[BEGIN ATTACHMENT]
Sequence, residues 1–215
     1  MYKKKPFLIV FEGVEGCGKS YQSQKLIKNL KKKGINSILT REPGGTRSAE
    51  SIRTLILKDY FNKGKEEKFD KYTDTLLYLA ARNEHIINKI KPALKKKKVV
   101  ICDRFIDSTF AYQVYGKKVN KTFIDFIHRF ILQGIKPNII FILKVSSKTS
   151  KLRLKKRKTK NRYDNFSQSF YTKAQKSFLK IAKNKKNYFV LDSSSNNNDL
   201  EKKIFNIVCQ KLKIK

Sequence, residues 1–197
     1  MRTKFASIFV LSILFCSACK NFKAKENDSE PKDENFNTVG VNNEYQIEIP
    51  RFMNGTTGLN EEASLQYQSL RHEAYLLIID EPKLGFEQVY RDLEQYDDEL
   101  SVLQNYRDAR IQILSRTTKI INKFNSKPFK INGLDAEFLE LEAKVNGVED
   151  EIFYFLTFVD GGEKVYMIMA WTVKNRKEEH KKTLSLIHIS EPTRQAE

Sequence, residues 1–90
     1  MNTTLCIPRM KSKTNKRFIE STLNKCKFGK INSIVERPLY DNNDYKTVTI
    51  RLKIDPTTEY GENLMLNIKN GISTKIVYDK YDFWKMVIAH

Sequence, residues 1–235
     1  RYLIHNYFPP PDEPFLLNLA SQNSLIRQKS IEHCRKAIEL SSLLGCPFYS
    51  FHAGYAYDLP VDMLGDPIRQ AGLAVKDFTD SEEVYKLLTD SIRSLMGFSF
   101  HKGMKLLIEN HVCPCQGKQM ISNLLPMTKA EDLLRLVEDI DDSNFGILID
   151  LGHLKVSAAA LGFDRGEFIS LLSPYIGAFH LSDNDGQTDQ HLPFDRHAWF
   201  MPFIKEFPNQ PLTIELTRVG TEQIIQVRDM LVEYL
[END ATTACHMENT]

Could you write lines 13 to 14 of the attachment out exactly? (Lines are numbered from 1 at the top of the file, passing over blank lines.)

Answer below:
     1  MNTTLCIPRM KSKTNKRFIE STLNKCKFGK INSIVERPLY DNNDYKTVTI
    51  RLKIDPTTEY GENLMLNIKN GISTKIVYDK YDFWKMVIAH